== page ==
|Sweetest Thing Sets - Feb 2013|
|Venus Flowers - Oct 2006|
Is there such a thing as a signature color scheme, though? I think so. I'm not talking about exclusive rights, mind you - I don't think there can be a right to claim an entire color scheme as one's own. That would be silly - there are only so many glass colors out there.
What I mean is that some beadmakers really identify with a particular color or group of colors. They've worked so much with these colors that they really know the glass in and out. When looking at these colors, the artist feels at home, familiar, content and even joyful. When people see those colors in beads, they might even recognize the beads as belonging to the artist - even if the designs are not as familiar.
|Sweetest Thing Trio - Feb 2013|
It all started with the discovery of the nature of some of the handmade glass out there. Particularly, an Effetre handmade color called Opal Yellow, an Effetre staple called Rubino Oro (a.k.a. Gold Pink) and an Effetre mistake called Streaky Pink. I realized that these three colors together did something really special, and I immediately fell in love.
|Pure Joy - Mar 2006|
Sometimes the batches were a lighter pink, but still struck slightly darker. Often, and more common lately, 256 is a lighter pink that shifts a greyer tone when worked. This means I have to work really hard to get what I want out of it. It's a challenge I still gladly take on in order to get the lovely combination I still find intoxicating.
Opal Yellow has also shifted through the years - sometimes striking deep peaches, sometimes striking an almost mustard-y yellow. Often staying lighter and even washing out. The same story goes for Rubino - a glass that's famous for being really unpredictable in its color and nature.
The one thing these glass colors all have in common is that they are striking colors that combine together to create an almost endless array of shades of pink, orange and yellow. They all layer so well and spread out to make glorious designs with an almost painted look.
|Sunset - Feb 2004|
|Sugar & Spice - Mar 2004|
|Pink Fire Focal - Feb 2004|
|Burst - Oct 2006|
|Dawn Flower - Jun 2007|
By 2006, I was working on the smaller mandrels, and rounding out my beads a little more.I tried surface florals in these colors, but found that the spreading of the Rubino made the flowers distort more than I liked. Leaving the flowers slightly raised looks much better.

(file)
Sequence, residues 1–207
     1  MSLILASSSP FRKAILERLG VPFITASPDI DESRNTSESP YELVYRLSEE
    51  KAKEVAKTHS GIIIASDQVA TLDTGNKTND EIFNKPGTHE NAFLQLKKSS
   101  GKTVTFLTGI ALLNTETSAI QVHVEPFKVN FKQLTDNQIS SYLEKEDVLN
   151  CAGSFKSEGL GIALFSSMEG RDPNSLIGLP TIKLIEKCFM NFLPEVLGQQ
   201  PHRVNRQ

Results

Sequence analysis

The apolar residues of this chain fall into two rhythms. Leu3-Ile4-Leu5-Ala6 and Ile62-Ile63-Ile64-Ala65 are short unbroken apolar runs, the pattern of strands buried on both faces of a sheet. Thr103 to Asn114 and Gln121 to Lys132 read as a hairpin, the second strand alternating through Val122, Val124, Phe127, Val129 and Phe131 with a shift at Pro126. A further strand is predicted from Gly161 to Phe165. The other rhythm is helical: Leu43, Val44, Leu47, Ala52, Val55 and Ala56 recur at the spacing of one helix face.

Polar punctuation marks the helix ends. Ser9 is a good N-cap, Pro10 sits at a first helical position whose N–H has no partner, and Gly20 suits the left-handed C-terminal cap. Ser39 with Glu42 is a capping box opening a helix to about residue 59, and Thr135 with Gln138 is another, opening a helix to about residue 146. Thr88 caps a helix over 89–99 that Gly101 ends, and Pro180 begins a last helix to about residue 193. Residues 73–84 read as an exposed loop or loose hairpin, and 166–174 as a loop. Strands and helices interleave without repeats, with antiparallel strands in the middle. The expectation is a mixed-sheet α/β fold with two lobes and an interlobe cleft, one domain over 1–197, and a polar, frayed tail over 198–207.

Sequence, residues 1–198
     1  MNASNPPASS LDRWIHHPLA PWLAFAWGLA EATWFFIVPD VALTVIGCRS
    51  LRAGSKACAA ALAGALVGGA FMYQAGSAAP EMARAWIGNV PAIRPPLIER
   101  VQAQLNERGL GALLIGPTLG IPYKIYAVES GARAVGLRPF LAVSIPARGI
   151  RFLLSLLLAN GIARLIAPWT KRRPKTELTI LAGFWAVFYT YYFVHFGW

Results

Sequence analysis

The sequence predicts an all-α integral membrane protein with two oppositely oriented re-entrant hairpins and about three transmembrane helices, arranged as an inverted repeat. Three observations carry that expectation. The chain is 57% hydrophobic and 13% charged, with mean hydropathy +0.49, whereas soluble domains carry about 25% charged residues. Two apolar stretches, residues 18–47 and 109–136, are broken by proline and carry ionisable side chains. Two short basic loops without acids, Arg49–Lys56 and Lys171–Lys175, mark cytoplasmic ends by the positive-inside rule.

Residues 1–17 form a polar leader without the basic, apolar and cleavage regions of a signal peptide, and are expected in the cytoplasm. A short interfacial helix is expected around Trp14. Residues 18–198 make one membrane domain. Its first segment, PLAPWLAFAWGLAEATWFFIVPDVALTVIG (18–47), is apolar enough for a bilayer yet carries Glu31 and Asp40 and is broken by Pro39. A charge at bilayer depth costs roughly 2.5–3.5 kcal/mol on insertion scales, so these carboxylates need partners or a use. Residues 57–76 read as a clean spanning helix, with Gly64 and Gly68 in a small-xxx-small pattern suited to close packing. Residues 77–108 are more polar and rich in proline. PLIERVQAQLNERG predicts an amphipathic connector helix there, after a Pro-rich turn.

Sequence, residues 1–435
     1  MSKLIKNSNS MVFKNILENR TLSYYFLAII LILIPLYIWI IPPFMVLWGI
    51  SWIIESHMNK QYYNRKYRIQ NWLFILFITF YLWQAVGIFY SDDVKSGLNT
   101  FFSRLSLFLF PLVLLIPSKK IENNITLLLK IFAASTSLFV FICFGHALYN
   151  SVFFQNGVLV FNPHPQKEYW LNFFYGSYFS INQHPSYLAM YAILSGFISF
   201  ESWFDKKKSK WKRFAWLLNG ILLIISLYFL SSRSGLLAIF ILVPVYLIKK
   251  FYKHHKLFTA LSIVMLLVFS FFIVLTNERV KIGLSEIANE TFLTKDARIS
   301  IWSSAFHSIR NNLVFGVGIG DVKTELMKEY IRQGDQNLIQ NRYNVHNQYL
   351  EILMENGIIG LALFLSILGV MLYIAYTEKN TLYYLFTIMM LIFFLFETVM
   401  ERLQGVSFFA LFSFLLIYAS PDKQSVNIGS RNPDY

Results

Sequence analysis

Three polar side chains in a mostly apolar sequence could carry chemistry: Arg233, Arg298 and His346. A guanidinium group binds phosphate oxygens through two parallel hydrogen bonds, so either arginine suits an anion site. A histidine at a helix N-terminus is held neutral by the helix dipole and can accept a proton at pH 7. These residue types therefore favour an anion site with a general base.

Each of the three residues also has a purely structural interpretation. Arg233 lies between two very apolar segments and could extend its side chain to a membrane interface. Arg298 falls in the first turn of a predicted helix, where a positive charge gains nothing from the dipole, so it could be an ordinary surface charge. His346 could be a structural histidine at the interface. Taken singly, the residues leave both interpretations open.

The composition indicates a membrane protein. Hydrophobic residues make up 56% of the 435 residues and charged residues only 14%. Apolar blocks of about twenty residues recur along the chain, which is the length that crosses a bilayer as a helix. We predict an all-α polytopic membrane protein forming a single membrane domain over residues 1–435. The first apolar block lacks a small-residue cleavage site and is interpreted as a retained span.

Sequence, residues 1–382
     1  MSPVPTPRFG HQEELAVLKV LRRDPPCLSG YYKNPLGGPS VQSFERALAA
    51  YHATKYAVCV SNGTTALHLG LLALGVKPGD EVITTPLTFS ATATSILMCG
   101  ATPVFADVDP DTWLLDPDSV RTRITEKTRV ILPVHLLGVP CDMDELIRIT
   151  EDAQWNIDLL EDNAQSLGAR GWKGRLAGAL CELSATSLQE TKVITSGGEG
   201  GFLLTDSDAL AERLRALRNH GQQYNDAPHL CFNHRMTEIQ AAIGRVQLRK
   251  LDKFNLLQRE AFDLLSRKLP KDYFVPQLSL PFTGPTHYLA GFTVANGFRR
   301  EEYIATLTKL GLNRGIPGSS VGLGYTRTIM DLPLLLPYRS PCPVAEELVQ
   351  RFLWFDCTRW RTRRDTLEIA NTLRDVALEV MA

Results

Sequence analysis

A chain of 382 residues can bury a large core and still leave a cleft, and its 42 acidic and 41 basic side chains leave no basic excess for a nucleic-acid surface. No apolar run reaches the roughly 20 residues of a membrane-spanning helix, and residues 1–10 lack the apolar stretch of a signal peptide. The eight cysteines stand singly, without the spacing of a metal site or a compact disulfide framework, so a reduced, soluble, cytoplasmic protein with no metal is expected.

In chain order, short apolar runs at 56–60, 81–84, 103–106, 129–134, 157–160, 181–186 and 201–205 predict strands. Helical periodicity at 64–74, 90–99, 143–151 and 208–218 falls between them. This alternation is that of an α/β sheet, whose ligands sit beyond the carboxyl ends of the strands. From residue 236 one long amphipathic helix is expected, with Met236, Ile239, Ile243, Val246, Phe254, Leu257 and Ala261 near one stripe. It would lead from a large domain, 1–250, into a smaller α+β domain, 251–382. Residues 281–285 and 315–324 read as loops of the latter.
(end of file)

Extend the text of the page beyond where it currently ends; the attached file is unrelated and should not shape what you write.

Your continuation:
|Pink Carnival - Mar 2006|
|Sunshine - Jul 2006|
|Flame Tabs - Jun 2008|
As time went by, I got the hang of these glass colors and their little idiosyncracies, refining the designs to bring out the shades' natural beauties.
These days, this color scheme is what I do when I am in need of comfort. When my mojo is off, and my muse is on vacation, I can always count on this scheme to come out at least somewhat nicely.
|Flame Cubes - Jun 2008|
Well, they look nice coming out of the kiln, anyway. Taking pics of these colors has been a serious challenge. Opal Yellow can look green-ish or more mustard-y in a picture than it does in real life. And the pinks can be washed out or even purple-y. Fine tuning the color in the photo-editing program (in my case, Paint Shop Pro X) requires a delicate hand and a sharp eye, or the pic can come out looking over-processed, as some of these do.
|Fields of Joy - Jun 2008|
I hope the more current beads look better in pictures, but the fact remains that they look infinitely better in the hand - at least I think so. The very last pic here is one of the batch of trios I just listed on Etsy yesterday. I made them earlier this week, and still found bliss while at the torch. I hope you enjoy looking at all these pics, and that you had fun strolling down memory lane with me.
So, how do you feel about signature color schemes? Do you gravitate toward any one color combo - and can you think of any other artists that have one? I'd love to hear about it in the comments! Have a great day, everyone. :)
|Bliss - Jun 2012|
|Joy - Aug 2013|